An educational journey
Our cover story, written by associate publisher Greg Hanscom, is the last in a three-year series on the Rio Grande. It's been quite an education. While HCN has a long history with the geography and politics of the Colorado River, the Rio Grande has always been something of a mystery to us.
That started to change three years ago, when Hanscom headed out on his first journey along the river (HCN, 10/11/99: Imagine a River). As he recalls: "I drove over Monarch Pass in a terrific blizzard - headed for Pilar, N.M., to talk to 'Uncle Steve' Harris - the man with the river in his head. I left Harris' house carrying a stack of newspaper clippings and books, and more confused than when I arrived."
Since then, Hanscom's made three other trips down the river, talked to dozens of activists, agency officials and academics, and, with the help of a handful of freelancers, slowly pieced the river and its stories together: the mined-out watershed, the battle over the silvery minnow in the Middle Rio Grande Valley, the looming water crisis in El Paso and Juarez, and finally, the present crisis on the U.S.-Mexico Border.
Now that HCNhas a firmer grip on the Rio Grande, we don't expect to let go. Like the battles over the Colorado River, the struggle to restore the Rio Grande in the face of immense human pressures will continue to draw our attention in the years ahead. We thank the New Mexico-based McCune Foundation for funding our expanding view of the West. A complete collection of the Rio Grande stories can be found on our Web site.
Tops in Montana
Three High Country News subscribers, Ivan Doig, William Kittredge and Annick Smith, are among the authors of the 10 books, ranked by Montanans as the best about their state. Ivan Doig's This House of Sky pushed the late Joseph Kinsey Howard's Montana: High, Wide and Handsome down to number two (it was number one 20 years ago, when the last survey was done), and A.B. Guthrie Jr.'s The Big Sky from two to three. Doig's book had been number four in 1981, when Harry Fritz, a professor of history at the University of Montana, last did the survey.
A newcomer to the list was The Last Best Place: A Montana Anthology, by William Kittredge and Annick Smith.
The rest of the top 10 list is A River Runs Through It and Other Stories by Norman Maclean, Montana: A History of Two Centuries, by Michael P. Malone, Richard B. Roeder and William L. Lang; Montana: An Uncommon Land, by K. Ross Toole; Tough Trip Through Paradise, by Andrew Garcia; Fools Crow, by James Welch; and Winter Wheat, by Mildred Walker.
If you don't agree with the ranking, you will get a shot at changing it in 2021, when Fritz will do the next survey. For this one, about 14,000 survey forms were placed in Montana: The Magazine of Western Historyand other publications; 486 Montanans responded.
Winter is always a slow period for visitors to our Paonia office. Not only are the roads treacherous with snow and hungry deer, but people in general seem partial to their homes, as they await the first signs of spring. We're all for local community-building, but we sure do appreciate seeing a few new faces.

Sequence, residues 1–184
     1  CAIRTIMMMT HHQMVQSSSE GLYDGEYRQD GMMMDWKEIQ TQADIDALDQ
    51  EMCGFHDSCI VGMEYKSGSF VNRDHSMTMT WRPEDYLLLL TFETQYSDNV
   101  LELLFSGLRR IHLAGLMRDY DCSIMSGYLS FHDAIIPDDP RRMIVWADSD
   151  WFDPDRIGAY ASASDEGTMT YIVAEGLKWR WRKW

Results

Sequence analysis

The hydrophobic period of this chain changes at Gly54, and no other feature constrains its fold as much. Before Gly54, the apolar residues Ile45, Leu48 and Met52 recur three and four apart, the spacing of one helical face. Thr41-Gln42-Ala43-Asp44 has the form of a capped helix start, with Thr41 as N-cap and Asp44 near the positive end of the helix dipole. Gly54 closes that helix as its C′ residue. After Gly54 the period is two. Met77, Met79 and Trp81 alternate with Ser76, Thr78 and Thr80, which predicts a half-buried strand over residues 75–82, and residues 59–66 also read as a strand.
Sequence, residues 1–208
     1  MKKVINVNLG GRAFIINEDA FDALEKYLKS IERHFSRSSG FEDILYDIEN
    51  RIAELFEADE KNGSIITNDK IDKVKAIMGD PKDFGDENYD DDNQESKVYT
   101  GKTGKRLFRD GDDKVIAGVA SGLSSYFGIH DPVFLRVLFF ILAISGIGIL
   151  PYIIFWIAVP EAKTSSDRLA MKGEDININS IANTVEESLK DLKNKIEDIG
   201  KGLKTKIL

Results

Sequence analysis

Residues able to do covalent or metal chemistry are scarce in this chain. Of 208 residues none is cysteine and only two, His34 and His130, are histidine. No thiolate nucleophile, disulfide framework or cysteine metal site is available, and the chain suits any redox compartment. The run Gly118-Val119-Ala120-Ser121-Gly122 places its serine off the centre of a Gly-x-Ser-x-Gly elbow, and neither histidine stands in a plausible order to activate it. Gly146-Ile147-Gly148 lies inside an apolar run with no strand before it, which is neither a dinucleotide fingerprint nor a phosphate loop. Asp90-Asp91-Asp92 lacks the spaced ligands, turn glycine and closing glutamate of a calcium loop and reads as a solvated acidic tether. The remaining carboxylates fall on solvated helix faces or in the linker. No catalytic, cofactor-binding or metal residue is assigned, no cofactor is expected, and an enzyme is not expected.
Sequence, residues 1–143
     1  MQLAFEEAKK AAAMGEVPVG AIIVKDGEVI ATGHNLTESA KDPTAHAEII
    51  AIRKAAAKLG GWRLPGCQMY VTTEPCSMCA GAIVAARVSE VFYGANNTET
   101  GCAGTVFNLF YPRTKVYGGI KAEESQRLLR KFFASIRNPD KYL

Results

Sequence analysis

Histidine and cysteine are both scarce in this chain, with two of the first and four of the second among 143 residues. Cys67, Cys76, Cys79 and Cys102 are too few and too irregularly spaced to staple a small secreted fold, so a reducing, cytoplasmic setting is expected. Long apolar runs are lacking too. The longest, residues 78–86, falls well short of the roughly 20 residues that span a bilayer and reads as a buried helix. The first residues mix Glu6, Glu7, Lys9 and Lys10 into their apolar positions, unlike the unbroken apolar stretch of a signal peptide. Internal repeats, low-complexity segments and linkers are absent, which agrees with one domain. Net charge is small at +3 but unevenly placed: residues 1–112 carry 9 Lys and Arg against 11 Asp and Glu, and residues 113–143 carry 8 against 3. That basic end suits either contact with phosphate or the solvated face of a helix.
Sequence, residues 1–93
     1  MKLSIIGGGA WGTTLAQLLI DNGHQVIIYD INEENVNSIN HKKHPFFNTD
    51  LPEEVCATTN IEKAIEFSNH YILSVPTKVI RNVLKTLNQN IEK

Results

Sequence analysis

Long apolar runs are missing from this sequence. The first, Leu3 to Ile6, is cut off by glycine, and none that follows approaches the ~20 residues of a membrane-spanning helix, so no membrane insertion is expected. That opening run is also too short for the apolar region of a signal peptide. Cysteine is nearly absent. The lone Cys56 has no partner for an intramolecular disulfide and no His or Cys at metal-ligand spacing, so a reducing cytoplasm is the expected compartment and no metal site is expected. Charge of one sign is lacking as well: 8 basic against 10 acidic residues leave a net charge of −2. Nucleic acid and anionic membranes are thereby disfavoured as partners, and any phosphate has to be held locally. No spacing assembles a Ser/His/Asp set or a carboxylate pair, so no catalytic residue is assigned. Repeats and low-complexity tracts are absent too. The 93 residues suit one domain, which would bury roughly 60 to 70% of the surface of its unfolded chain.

Lafayette, Colo., reader Peter Sartucci dropped by the office in late January. Sartucci's specialty is appraising conservation easements. He figures out what a piece of land is worth, and what it will be worth when the development rights are sold off. He says he's one of just a handful of appraisers in Colorado who make a living almost entirely on easements.
Subscriber Jacob Smith stopped in en route from the Utah canyon country to his home in Boulder, Colo. Smith, who works part-time for the Wildlands Center for Preventing Roads, is the founder of the Center for Native Ecosystems, which keeps an eye on threatened plants, bugs and other beleaguered but homely species that don't get much attention from national environmental groups.
Colorado Wild executive director Jeff Berman took time out of a harried day of meetings in Aspen and Paonia to offer insight into the Ski Area Citizens' Coalition Environmental Scorecard, which rates the environmental performance of ski areas in the West. Then, he rushed off to a meeting of the Western Slope Environmental Resource Council, before heading home to Durango. Look for more on the ski coalition's scorecard in an upcoming Bulletin Board item.
Congratulations to subscriber Hank Deutch for his receipt of the Sierra Club's Woody Award for stories about the Upper Middle Fork of the Saline River in Arkansas' Hot Springs Village Voice. Deutch is a retired Forest Service public affairs officer.
A reader called in to inform us that we had misspelled the name of the Southern Ute Academy's principal in Michelle Nijhuis' story on vanishing Native American languages (HCN, 1/21/02: Finding the words): She is Carol Olguin (not Oguin).
And John Shurts, who teaches at Lewis and Clark College in Portland, informed us that we goofed on the spelling of the new Northwest Regional Director of the National Marines Fisheries Service in our story about the controversial court ruling on Oregon coastal coho salmon (HCN, 12/3/01: Ruling ripples through salmon country). He is Bob Lohn (not Lawn). The mistake, says Shurts, who is a friend of Lohn, was "the occasion for much mirth around here." If only all our mistakes had such an effect.